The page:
Costs related to the ongoing investigations and turmoil in Purcellville are now expected to top $120,000, a figure that does not include tens of thousands of dollars being paid to town employees who are on leave.
Purcellville Town Council on Tuesday agreed to more unexpected expenses related to the scandal that has left four high-level town employees on paid administrative leave.
Council appointed Henry Day, a former town attorney for Warrenton, as Purcellville's interim town attorney at a rate of $350 per hour for up to 24 hours per week until investigations into town's management are complete - the date of which is unknown. If Day were working for the town full-time, his yearly compensation would be $728,000.
The town's new attorney worked with new Interim Town Manager John Anzivino in Warrenton. Anzivino did not put the services out for bid.
"It didn't have to be," Anzivino told the Times-Mirror when asked whether it went out for bid.
Virginia procurement law allows certain public contracts to be executed without a bidding process, and Anzivino said several candidates were considered for the position.
Day's hiring follows Town Attorney Sally Hankins' placement on leave Dec. 29. Hankins is among the employees on leave following mismanagement that has rocked the small western town in recent months. Also on paid leave is Chief of Police Cynthia McAlister, Interim Town Manager Alex Vanegas and Human Resources Manager Sharon Rauch.
The upheaval in Purcellville began following McAlister's firing in November. McAlister was let go Nov. 2 after a town-funded investigation claimed to substantiate accounts that the police chief abused her powers and failed to adhere to town procedures and policies.
The original investigation into McAlister, the specific details of which have not been disclosed, was conducted by a private human resources investigator, Georgia Nuckolls. The Nuckolls investigation was called into question after the investigator's criminal history, which includes felony fraud and forgery convictions in North Carolina, was revealed by town officials. Town leaders also stated in a news release that Nuckolls was having a relationship with a town employee involved in the investigation.
McAlister was re-hired Nov. 24 and placed on leave until an audit of Nuckolls' investigation and additional investigations into town management conclude.
Vanegas added to the confusion when he filed a sexual harassment complaint against Hankins, who denies the allegation.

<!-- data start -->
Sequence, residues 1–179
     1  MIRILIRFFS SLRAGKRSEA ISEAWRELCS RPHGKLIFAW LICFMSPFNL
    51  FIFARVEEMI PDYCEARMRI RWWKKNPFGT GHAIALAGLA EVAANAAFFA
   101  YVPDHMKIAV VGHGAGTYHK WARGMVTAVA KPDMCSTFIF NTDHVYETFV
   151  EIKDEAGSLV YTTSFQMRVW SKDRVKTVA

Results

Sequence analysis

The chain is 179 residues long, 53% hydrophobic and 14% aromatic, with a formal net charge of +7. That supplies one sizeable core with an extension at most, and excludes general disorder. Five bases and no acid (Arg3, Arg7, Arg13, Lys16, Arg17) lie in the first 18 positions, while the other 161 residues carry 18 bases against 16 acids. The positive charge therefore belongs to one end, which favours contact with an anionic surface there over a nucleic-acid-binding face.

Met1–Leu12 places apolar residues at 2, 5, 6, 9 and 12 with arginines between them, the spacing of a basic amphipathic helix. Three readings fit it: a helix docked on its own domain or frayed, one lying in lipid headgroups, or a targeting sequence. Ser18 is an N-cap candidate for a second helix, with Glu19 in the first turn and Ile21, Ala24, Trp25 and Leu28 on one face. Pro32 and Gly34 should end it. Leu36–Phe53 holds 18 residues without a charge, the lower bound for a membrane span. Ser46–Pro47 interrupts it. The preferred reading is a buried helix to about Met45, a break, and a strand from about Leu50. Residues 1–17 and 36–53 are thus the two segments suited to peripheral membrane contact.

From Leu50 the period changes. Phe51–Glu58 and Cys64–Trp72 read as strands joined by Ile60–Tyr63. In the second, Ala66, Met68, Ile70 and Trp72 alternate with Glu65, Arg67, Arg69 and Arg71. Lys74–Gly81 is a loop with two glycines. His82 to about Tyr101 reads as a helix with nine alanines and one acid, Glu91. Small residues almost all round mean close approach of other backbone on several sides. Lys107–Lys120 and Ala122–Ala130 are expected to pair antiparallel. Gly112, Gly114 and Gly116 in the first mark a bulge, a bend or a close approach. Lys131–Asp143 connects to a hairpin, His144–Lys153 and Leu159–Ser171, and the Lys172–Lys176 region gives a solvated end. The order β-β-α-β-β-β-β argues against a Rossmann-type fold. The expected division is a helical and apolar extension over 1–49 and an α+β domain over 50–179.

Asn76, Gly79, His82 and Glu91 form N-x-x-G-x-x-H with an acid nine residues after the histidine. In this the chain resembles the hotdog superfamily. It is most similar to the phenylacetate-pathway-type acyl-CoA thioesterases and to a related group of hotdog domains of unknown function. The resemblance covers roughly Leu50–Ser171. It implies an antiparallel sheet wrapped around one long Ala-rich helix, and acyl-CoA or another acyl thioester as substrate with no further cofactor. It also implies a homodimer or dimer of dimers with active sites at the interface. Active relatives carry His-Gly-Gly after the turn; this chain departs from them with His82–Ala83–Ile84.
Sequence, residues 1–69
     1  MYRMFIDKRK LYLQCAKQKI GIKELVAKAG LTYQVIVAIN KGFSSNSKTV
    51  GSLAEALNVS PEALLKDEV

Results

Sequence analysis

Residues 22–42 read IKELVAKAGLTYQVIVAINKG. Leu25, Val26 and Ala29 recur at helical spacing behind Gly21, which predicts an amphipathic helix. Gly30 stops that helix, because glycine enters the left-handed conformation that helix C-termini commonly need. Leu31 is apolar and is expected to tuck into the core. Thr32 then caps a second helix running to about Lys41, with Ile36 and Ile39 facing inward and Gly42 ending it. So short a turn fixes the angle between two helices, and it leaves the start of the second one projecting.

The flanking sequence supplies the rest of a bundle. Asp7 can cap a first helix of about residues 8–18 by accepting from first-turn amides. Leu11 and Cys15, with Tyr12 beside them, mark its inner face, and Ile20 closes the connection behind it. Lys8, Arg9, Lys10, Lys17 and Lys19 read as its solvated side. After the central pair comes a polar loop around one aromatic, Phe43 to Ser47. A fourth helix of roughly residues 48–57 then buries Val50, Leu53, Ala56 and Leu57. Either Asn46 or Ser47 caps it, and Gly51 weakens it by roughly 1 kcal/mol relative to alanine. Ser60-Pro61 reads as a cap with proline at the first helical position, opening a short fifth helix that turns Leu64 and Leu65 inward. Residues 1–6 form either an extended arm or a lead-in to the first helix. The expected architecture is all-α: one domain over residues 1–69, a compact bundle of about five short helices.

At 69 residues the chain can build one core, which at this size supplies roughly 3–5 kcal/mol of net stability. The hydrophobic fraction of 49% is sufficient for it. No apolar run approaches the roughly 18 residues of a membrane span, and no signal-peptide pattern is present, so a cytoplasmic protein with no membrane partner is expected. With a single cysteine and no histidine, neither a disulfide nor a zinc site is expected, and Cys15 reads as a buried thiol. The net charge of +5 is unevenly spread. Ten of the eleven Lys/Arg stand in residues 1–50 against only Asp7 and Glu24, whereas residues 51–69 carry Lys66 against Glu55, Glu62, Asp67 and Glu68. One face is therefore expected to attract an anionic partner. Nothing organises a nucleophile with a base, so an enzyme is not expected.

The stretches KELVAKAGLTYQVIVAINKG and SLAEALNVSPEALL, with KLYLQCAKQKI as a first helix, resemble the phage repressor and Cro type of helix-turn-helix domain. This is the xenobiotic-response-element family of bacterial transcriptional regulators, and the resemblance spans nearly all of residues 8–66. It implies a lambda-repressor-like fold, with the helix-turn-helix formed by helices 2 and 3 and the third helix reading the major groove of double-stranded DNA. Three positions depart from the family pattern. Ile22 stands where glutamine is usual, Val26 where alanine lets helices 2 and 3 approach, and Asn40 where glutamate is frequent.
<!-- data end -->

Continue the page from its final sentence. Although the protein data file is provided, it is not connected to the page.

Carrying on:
The Wilson Elser law firm, which was brought on by Town Council to oversee several investigations into town management, suggested Hankins and Rauch be placed on leave. According to a statement from the town, the move was made to ensure the integrity and complete review of all open concerns and "is not any indication of any offense by either party."
Day's hiring adds to the town's recent unexpected expenditures. In addition to the new attorney's contract, which could amount to more than $8,000 a week, costs related to the months-long turmoil include:
-More than $13,000 to Nuckolls;
-Up to $30,000 to Anzivino to serve as interim town manager;
-Up to $80,000 to the Wilson Elser law firm, Loudoun County staff and a retired police colonel to review Nuckolls' investigation, examine Vanegas' work as town manager and investigate Vanegas' complaint against Hankins and other human resources-related complaints;
-And approximately $5,000 to a local media consultant, David D'Onofrio, to handle media inquiries during the investigations.
Additionally, more than $55,000 has been paid to Vanegas, McAlister, Rauch and Hankins while they're on leave, according to figures provided by the town.
In late December, the retired police chief the town hired to oversee the audit of the Nuckolls investigation, Thierry Dupuis, accepted a new position as police chief in Charlottesville before completing his work in Purcellville, according to Mayor Kwasi Fraser. Town officials did not disclose Dupuis' departure from his Purcellville duties until questioned by the media.
Council members did not address the investigations at length prior to going into closed session during Tuesday's business meeting, but Mayor Fraser touched briefly on the matter.
"We owe you folks a detailed analysis - and it's owed to this council also - the costs and the expenses that we will be putting forward to [the investigation]," Fraser said. " ... everything that happens that is negative -- and I've gotten emails to prove this -- people are blaming it on, 'Oh, this council is a mess. This town is a mess.' But we are far from a mess. I just want to make sure that we are held accountable by presenting to you exactly where the money is going."
Fraser said the town is in the process of tallying the official costs related to the investigation, and that figure should be released soon.
Purcellville is currently accepting applications for a permanent town manager. The town hopes to have a new manager in place in February or March. The deadline for candidates to submit applications is Jan. 12.
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